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Publication numberUS6265312 B1
Publication typeGrant
Application numberUS 09/366,071
Publication dateJul 24, 2001
Filing dateAug 2, 1999
Priority dateAug 2, 1999
Fee statusPaid
Publication number09366071, 366071, US 6265312 B1, US 6265312B1, US-B1-6265312, US6265312 B1, US6265312B1
InventorsArdeshir Jehangir Sidhwa, Stephen John Melosky
Original AssigneeStmicroelectronics, Inc.
Export CitationBiBTeX, EndNote, RefMan
External Links: USPTO, USPTO Assignment, Espacenet
Method for depositing an integrated circuit tungsten film stack that includes a post-nucleation pump down step
US 6265312 B1
Abstract
A tungsten film stack is formed on a wafer using a deposition chamber by first depositing a nucleation on the wafer in the presence of a carrier gas, such as nitrogen. Following deposition of the nucleation, excess carrier gas is evacuated from the deposition chamber. Then, following evacuation of the excess carrier gas, a tungsten fill is deposited over the nucleation.
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Claims(20)
What is claimed is:
1. A method for depositing a tungsten film stack on a wafer using a deposition chamber, comprising:
depositing a nucleation layer on a wafer while a nitrogen carrier gas is present within the deposition chamber;
following deposition of the nucleation layer, at least partially evacuating the deposition chamber; and
following the at least partial evacuation of the deposition chamber, depositing a tungsten fill over the nucleation layer.
2. The method of claim 1, wherein the step of depositing a nucleation layer on a wafer while a nitrogen carrier gas is present within the deposition chamber further comprises:
depositing the nucleation layer on the wafer while nitrogen gas is flowed into the deposition chamber.
3. The method of claim 1, wherein the steps of depositing a nucleation layer on a wafer while a nitrogen carrier gas is present within the deposition chamber and depositing a tungsten fill over the nucleation layer further comprise:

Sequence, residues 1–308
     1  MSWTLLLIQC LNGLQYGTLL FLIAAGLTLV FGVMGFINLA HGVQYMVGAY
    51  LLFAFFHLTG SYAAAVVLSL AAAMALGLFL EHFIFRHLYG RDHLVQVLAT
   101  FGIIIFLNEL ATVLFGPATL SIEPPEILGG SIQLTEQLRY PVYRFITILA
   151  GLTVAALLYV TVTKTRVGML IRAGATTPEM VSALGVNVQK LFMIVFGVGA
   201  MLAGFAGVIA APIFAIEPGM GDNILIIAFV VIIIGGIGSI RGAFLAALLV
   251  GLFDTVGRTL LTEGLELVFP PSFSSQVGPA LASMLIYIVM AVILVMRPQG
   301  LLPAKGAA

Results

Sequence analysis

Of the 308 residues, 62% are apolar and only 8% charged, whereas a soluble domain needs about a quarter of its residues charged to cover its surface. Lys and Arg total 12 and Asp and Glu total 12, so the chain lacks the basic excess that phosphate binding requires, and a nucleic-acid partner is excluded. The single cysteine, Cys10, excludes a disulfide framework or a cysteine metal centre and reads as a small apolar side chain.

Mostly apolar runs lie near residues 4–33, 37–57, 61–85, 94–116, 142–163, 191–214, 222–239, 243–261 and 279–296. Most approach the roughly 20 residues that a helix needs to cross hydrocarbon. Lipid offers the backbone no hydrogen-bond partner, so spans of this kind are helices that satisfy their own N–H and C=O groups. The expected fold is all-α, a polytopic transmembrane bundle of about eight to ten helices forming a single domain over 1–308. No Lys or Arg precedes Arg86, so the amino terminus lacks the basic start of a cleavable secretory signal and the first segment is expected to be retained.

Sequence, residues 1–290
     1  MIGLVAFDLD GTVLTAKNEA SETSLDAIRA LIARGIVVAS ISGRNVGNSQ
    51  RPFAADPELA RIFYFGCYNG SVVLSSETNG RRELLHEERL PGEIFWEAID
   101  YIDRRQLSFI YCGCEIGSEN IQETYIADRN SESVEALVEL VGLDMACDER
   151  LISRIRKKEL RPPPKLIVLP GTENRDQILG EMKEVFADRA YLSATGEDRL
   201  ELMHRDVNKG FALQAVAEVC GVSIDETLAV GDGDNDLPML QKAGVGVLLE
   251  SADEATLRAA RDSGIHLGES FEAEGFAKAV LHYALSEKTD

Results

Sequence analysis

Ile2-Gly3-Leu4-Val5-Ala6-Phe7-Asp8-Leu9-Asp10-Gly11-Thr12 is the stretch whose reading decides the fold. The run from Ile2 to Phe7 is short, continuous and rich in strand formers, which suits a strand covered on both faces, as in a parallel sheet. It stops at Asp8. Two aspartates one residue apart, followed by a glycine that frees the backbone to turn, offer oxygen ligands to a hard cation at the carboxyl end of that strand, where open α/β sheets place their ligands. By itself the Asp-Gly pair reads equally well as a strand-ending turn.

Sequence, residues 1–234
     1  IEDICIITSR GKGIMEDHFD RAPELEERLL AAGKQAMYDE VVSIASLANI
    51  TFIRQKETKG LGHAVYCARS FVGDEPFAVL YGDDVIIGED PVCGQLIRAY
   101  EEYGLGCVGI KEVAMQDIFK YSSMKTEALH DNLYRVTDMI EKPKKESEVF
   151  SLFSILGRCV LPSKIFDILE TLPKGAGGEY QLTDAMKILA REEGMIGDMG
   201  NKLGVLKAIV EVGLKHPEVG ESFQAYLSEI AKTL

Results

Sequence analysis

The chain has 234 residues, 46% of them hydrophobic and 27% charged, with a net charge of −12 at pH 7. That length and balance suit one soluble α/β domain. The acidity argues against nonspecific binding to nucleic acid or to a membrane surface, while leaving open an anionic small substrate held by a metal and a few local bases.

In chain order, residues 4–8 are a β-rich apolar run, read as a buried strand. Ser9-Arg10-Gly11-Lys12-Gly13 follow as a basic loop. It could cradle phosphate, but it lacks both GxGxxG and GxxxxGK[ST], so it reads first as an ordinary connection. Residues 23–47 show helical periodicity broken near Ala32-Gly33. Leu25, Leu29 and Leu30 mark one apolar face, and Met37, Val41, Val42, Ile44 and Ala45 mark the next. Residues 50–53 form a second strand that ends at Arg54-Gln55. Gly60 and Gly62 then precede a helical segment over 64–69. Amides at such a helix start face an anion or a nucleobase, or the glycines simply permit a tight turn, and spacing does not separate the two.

depositing the nucleation layer within a via formed in the wafer; and
depositing the tungsten fill within the via and over the nucleation layer.
4. The method of claim 3, further comprising:
prior to deposition of the nucleation layer, depositing a liner within the via.
5. The method of claim 1, wherein the step of at least partially evacuating the deposition chamber further comprises:
shutting off gas flow into the deposition chamber; and
performing a pump down for at least four seconds.
6. The method of claim 1, further comprising:
following the at least partial evacuation of the deposition chamber and prior to deposition of the tungsten fill, performing one or more stabilization steps within the deposition chamber.
7. The method of claim 1, wherein the step of at least partially evacuating the deposition chamber further comprises:
fully evacuating the deposition chamber.
8. The method of claim 1, wherein the step of at least partially evacuating the deposition chamber further comprises:
evacuating the nitrogen carrier gas, any reactant gases, and any reaction byproducts from the deposition chamber.
9. The method of claim 1, wherein the step of at least partially evacuating the deposition chamber further comprises:
shutting off gas flow into the deposition chamber; and